Notify the U.S. State Department and sign up to receive important information from the embassy about safety conditions, and be available via text or email should they need to contact you for travel alerts, natural disasters, or other emergencies. Utilize programs such as, "Stay Informed, Stay Connected, Stay Safe!" Smart Traveler Enrollment Program and refer to U.S. Passports and International Travel website for more information.
Contact your credit card company.
Nothing brings your trip to a screeching halt faster than frozen funds. Be sure to let your credit card company know when and where you'll be traveling so you can avoid the frantic call to unlock your card. Credit cards with magnetic strips are not always accepted by businesses, and some establishments do not accept credit cards at all, so make sure to carry a fair amount of local currency to avoid being caught off guard.
Make copies of important documents.
Make duplicates of the following: passport, driver's license, credit/debit cards, birth certificate, and insurance cards. Leave a set of copies at home or with someone you trust to retrieve the information. Pack another set carefully in your carry-on bag. Take a picture of your credit cards and security codes in case you need to access them immediately.
Anticipate technology challenges.
It may be difficult to find a place to charge your cell phone in the middle of the day while traveling. Consider bringing a backup solar powered battery charger. Depending on the country, you might need adaptors for your technology and electronics. Rather than bringing a suitcase full of hair tools and adaptors, invest in a less expensive hair straightener or curling iron when you arrive and use the hotel blow dryer. Even with an adaptor, some electronics can't handle the difference in voltage and will easily burn out.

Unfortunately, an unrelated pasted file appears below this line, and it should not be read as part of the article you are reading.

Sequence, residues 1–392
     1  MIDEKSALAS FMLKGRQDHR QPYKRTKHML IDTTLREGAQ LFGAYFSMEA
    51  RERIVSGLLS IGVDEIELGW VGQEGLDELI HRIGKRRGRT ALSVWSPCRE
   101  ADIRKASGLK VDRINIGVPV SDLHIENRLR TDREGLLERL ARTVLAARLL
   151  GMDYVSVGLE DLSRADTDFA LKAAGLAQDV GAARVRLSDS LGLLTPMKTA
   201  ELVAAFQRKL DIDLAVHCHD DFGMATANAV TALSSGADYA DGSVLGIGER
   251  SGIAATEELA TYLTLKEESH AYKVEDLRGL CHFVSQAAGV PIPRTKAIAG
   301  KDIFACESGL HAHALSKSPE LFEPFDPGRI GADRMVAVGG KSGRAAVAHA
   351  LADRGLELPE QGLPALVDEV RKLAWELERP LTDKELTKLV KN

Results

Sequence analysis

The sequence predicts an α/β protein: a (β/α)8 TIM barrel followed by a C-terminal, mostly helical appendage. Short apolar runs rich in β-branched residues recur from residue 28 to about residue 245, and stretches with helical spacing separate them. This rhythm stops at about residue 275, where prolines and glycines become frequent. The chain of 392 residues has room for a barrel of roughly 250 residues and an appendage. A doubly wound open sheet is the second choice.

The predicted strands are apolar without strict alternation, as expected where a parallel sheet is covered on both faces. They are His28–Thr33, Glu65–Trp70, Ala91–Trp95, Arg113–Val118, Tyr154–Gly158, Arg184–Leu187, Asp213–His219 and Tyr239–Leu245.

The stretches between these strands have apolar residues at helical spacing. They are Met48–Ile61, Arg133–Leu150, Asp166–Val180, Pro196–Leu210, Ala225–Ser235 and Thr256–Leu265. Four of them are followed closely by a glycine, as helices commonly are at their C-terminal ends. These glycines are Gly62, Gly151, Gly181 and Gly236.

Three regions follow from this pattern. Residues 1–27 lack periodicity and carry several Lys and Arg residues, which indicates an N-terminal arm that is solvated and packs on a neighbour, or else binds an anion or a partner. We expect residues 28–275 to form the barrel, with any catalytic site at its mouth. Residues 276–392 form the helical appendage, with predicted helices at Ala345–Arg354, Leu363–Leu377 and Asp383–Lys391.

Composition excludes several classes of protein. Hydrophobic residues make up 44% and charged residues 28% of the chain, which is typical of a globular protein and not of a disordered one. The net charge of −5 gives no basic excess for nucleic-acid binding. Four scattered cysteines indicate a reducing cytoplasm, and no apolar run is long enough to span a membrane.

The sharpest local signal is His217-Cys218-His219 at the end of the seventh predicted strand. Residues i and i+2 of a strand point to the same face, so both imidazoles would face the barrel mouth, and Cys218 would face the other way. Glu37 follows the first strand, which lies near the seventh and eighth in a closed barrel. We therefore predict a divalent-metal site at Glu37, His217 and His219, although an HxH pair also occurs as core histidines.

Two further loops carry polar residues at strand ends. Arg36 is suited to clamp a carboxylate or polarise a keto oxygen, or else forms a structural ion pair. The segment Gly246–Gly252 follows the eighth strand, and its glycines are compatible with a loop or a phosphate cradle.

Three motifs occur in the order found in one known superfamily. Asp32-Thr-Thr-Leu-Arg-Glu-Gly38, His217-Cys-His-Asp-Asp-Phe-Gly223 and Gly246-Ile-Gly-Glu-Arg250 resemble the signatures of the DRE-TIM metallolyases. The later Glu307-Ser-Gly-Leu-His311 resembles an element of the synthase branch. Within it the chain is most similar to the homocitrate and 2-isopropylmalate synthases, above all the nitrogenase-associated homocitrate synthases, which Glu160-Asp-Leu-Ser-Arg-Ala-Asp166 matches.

Research your phone's travel capabilities.
Make a call to your cell phone company and discuss your options. I've found it worth the expense to purchase a travel calling plan when spending time abroad. Text messages and downloading any kind of data will quickly add up without a travel plan. Double check your phone settings and turn off "data fetch" for any programs on your phone that update on their own (i.e. Facebook). This will conserve your data until it's needed.
Brush up on the local language. You can test your skills using an app on your phone such as Duolingo or Google Translate. Don't underestimate a good old fashioned phrase book to get you through simple interactions. Familiarize yourself with the basics beforehand such as, "Hello," "Good-bye," "Excuse me," "My name is _____," "Nice to meet you," "Please," "Thank you," and "Where is the restroom?" to use as you go about your trip.
Photograph your luggage. Anyone who has had the unfortunate experience of losing their luggage can attest that trying to describe to an airport representative what your luggage looks like (i.e. black with wheels) can be vague. A baggage claim ticket is useful, but often lost during the flight and numerous layovers. Make an effort to attach something notable to your suitcases and take a picture of your baggage with your cell phone. Now you can easily identify your luggage in the sea of black bags.
Do your homework. Cultural customs differ from country to country, and it's always prudent to be prepared before you arrive. For example, some countries encourage tipping while others do not. Some regions are close communicators while others are more reserved. It's in your best interest to know something about the culture, etiquette, religion, business values, and particular communication styles before landing on foreign soil.
TTI Travel International Trade Fair Travel Tips
Taking care of details before you depart can make the difference between a smooth trip and a traveling nightmare. Here are a few first steps to get you started on the right foot: